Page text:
Whether you consider those call ups strategic or manipulative, they affect the number of times a player goes to arbitration. From a player’s perspective, years of arbitration (and multi-million dollar salaries) trump the pre-arbitration years of unilateral control, when players sometimes receive raises, but are essentially at the mercy of their teams.

The players have already told the MLBPA to address arbitration in the next round of collective bargaining. Ideally, top young stars would be called to the majors the moment they’re deemed ready to contribute, but with millions of dollars at stake, teams have shown a willingness to wait. Coincidence or not, Stephen Strasburg (2010), Pedro Alvarez (2010), Mike Stanton (2010), Matt Wieters (2009), Jay Bruce (2008), Ryan Braun (2007) and others have been called up around June 1st in recent years.

It’s not contentious to suggest that it’s in the game's best interest to have the best players at baseball’s highest level. But Weiner points out that teams can call players up strategically whether the cutoff for arbitration eligibility is two years, three years or somewhere in between.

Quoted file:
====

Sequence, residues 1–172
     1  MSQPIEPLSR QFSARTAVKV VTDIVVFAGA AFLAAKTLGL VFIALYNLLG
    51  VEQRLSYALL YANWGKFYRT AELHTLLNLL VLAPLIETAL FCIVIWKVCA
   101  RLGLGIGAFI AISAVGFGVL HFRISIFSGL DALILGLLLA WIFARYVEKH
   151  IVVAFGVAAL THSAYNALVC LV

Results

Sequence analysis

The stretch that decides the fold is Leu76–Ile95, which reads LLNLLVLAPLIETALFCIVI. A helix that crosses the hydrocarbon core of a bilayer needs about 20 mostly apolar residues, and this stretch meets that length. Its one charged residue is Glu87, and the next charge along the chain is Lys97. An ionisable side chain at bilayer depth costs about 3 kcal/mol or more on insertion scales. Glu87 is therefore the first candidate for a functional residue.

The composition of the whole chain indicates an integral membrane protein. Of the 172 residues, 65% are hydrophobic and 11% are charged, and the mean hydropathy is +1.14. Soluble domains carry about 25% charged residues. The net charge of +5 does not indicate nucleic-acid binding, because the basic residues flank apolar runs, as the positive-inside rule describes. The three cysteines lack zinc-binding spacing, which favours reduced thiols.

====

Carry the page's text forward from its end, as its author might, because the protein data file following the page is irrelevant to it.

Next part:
“Unless you come up with a system that makes it very difficult to know where that line is going to fall,” Weiner cautioned, “There’s always that possibility for manipulation.”


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20 Comments on "MLBPA To Consider Changes To Arbitration Process"


5 years 2 months ago

This is what I would do:

Remove the Super 2 Rule. Make it 3 full years again. Make an Elias type rating system for Prospects. All A rated prospects with at least 2 years minor service must be placed on the roster, if not they go into the Rule 5 Draft.

Jason_F
5 years 2 months ago

I’m not saying that I have a solution, but this won’t work at all. What about the kids that get drafted out of high school? After 2 years, they probably won’t even have sniffed AA. Requiring them to be placed on the ML roster would force teams to be rushing prospects, thus increasing the chances that a lot of the top talent flames out early.

Laimheloc
5 years 2 months ago

The players, under Moffett, allowed it to go back to three years once. It will not happen again.
So an A rated prospect that plays full seasons in A and A+ has to be on the ML roster or be lost in the Rule 5? That’s not really practical.

thelaser69
5 years 2 months ago